Boston: St. Paul Editions, 1959. First edition. Octavo, original mottled rust cloth, silver papal arms, original dust jacket. Dust jacket tanned with tidelines on the verso. A near-fine copy. Item #736
"POPE PIUS XII WILL LIVE IN THE FUTURE AS THE APOSTLE OF LOVE" First edition of this warm memorial tribute to Pope Pius XII published shortly after his death—complete in the original dust jacket illustrated with a profile portrait. Pope Pius XII was an omnipresent and unmistakable figure: "As his aquiline nose might suggest, he was a born Roman. Profiles of his half-sad countenance under a white skullcap, deep-set eyes, and long, bony fingers clasped in prayer were reproduced in countless forms" (Thomas Bokenkotter). As Cardinal Secretary of State under Pius XI, Eugenio Pacelli attained global visibility in a distinguished career as the chief diplomat of the Holy See. On March 2, 1939 (his sixty-third birthday) Pacelli was crowned as Pope Pius XII as the world drifted inexorably into the Second World War.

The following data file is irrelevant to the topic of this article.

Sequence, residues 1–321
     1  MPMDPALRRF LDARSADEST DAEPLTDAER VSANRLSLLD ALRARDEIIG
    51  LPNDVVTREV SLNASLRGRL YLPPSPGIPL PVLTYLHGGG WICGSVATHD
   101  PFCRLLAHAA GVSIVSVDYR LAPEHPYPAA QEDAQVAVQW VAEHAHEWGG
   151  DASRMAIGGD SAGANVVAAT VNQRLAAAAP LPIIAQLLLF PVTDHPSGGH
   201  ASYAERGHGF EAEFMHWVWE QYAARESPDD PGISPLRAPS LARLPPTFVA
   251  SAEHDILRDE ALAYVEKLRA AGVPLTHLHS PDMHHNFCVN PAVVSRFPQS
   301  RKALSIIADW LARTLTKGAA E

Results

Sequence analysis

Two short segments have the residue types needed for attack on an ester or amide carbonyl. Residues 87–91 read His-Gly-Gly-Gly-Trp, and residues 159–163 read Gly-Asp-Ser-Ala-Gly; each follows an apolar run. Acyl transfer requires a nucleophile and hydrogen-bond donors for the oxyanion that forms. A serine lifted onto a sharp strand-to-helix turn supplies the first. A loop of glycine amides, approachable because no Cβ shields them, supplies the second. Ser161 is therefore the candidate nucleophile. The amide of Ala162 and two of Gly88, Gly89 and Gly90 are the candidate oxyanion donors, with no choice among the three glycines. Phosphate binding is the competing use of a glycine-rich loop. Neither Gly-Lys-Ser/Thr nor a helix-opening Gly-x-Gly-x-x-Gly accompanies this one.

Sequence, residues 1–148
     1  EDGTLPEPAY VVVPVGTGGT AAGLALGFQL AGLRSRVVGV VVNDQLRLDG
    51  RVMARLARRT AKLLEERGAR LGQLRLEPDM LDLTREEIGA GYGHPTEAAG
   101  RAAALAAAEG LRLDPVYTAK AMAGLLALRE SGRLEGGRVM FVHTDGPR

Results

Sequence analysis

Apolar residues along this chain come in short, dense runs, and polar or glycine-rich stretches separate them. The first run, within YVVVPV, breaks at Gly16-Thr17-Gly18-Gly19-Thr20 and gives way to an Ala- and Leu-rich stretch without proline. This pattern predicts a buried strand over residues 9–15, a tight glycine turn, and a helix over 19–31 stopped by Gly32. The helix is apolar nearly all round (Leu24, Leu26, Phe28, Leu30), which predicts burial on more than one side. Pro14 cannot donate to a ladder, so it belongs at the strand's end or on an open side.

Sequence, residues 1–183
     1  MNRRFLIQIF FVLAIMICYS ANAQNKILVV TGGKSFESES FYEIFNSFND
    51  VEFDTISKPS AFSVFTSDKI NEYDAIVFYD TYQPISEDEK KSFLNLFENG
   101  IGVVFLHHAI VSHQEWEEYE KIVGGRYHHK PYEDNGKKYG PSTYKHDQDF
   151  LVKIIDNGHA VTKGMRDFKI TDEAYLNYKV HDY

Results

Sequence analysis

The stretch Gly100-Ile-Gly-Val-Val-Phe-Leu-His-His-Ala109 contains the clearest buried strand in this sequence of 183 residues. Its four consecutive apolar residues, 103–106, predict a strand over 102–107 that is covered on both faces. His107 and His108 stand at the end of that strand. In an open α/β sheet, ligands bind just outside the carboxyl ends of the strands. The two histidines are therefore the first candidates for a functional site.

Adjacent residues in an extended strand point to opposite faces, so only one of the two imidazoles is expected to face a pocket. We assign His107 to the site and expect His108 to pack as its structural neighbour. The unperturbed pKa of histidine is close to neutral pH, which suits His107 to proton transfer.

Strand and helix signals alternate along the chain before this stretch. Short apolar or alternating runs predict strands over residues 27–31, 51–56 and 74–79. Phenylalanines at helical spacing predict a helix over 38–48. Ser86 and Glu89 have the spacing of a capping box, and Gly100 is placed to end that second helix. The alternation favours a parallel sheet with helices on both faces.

The biography is composed of two sections: an illustrated essay by Cardinal Cushing and a 65-page pictorial biography (which closes with the Will of Pope Pius XII, dated "May 15, 1956"). A valuable six-part Appendix follows the text. "If Pius XI was the first pope to speak on the radio, Pius XII was the first to appear on television. After World War II he encouraged on so many occasions, pilgrimages to Rome, and in the two Holy Years he proclaimed, 1950 and 1954, vast crowds poured into the Eternal City where they had an opportunity to see him in person in great public audiences. No pope until that time had been photographed as often and had his picture appear as often in as many publications around the world. No pope addressed so many people from so many different walks of life" (John W. O'Malley, A History of the Popes). Cushing was elevated to the College of Cardinals in December 1958, shortly before this biography was published by Boston's St. Paul Editions with a title-page bearing the Cardinal's arms and motto: "Ute Cognoscant Te" ("That They Might Know You").